There are more, but those stood out to me as actually improving upon the originals.

          • I agree w/ you on the MI movies.

            Also, Star Trek 2, Star Wars Episode 5, The Dark Knight, Captain America: The Winter Soldier, etc…

          • Wrath of Khan, yes! And the whale one! (Star Trek 4)
            Empire Strikes Back, yes!
            Dark Knight – well, it was almost too dark for me, and Batman Begins was great.
            And yes, many of the Marvel ones have had good sequels.

          • Richard Hershberger says:

            “Which sequels were equal to if not better than the originals?”

            Vito and Michael Corleone say “Hello.”

          • I thought of that one, but was not sure if it was not more seen as equal to the 1st one, but not necessarily better than.

          • But equal counts, so GF 1 and 2 are in the mix

          • In my Facebook post, GF 1 and 2 came up, yes.

          • Cedric Klein says:

            Superman 2 (Christopher Reeves)

            The Bride of Frankenstein

      • Twice, planning a third trip at least. Loved it.

        • Adam Tauno Williams says:

          Agree, seen it twice. I went the second time with family. The real proof of quality, IMO, is that it is a better movie the second time.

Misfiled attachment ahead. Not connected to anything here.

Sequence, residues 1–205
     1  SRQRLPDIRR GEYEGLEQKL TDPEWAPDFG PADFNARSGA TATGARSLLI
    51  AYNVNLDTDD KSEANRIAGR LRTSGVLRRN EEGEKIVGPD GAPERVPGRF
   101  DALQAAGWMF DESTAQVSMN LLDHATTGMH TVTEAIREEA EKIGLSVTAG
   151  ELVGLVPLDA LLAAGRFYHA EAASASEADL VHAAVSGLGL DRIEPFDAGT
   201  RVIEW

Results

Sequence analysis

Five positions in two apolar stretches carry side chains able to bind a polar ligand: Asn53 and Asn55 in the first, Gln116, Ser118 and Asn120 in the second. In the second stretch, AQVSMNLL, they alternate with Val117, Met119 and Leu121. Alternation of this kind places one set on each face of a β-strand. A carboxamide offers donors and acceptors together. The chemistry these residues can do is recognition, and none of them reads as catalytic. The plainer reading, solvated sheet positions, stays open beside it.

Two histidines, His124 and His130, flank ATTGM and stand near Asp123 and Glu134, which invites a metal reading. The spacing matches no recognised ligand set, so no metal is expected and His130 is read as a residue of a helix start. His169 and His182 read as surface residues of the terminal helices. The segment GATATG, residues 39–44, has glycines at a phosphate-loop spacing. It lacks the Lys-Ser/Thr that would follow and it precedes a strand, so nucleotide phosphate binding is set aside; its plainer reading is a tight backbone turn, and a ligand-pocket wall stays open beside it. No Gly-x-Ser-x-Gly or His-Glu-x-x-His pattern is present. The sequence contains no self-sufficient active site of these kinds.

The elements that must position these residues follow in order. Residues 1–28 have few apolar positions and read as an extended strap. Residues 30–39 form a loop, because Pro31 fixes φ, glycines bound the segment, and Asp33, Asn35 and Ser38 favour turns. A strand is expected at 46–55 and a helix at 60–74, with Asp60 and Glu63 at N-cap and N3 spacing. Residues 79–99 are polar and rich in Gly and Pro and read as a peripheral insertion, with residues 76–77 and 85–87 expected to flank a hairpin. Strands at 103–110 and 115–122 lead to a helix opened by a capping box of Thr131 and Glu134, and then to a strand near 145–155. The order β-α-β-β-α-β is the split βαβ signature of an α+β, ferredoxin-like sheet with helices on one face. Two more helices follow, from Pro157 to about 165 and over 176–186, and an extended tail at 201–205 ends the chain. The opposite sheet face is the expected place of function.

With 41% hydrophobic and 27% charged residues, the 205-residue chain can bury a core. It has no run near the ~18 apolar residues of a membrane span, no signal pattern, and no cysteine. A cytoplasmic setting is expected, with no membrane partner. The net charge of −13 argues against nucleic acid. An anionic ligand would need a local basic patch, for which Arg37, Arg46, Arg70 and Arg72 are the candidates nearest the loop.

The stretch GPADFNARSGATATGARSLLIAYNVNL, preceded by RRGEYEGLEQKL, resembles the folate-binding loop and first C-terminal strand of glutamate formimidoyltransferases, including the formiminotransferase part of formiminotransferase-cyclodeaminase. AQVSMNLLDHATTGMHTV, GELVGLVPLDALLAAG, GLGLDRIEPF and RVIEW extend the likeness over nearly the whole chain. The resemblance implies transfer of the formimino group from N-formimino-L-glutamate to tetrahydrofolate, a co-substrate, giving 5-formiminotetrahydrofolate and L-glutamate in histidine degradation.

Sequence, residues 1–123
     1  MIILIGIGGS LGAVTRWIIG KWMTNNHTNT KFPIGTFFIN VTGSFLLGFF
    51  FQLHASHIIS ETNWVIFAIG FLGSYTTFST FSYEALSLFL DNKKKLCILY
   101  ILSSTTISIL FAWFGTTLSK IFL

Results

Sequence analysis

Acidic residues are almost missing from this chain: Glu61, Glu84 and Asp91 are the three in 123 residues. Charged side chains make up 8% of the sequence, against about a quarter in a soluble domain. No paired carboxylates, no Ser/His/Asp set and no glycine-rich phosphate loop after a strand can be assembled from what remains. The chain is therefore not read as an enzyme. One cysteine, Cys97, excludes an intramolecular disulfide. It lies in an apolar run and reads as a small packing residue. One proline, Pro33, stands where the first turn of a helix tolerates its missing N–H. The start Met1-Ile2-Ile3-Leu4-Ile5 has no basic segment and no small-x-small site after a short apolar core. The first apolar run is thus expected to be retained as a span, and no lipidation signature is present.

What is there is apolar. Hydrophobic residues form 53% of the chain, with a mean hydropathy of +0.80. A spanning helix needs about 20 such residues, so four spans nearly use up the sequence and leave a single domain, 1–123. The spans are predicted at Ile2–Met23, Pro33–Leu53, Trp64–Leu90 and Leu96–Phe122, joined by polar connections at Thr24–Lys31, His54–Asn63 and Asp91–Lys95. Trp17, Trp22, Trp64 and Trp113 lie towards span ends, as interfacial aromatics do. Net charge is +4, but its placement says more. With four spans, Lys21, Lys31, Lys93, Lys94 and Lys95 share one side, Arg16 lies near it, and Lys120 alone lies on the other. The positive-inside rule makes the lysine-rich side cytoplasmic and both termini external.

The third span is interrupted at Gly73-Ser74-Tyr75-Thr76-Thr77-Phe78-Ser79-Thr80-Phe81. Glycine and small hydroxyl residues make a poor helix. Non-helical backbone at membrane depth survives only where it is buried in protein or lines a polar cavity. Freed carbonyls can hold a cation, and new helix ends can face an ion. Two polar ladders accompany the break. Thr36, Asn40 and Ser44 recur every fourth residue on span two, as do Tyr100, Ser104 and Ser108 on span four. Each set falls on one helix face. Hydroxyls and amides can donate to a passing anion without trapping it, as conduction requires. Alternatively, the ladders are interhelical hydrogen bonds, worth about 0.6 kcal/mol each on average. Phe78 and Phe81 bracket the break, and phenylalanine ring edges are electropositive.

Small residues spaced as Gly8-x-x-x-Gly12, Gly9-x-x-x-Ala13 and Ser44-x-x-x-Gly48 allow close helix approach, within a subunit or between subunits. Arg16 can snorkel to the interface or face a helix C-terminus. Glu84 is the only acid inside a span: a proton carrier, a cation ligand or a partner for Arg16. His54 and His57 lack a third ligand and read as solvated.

I am not planning to see it in the theater a third time. But if it happens I won’t mind.

        • As I posted above, I enjoyed it more upon second viewing, hope to see it a third (in the theater).

      • Christiane says:

        the Brits do some great television series . . . they are creative and interesting to watch . . . their crime and detective mysteries are usually of high quality, and sometimes they spin off a really original show . . . their ‘Doc Martin’ is a winner (if you like that sort of thing)

    • It speaks to the perennial appeal of fantasy worlds and stories, which are always a welcome change from the nihilism that pervades so much of our movies and TV currently. The universe of Star Wars is an enchanted place, sort of like Middle Earth, and so speaks to the same longings and griefs.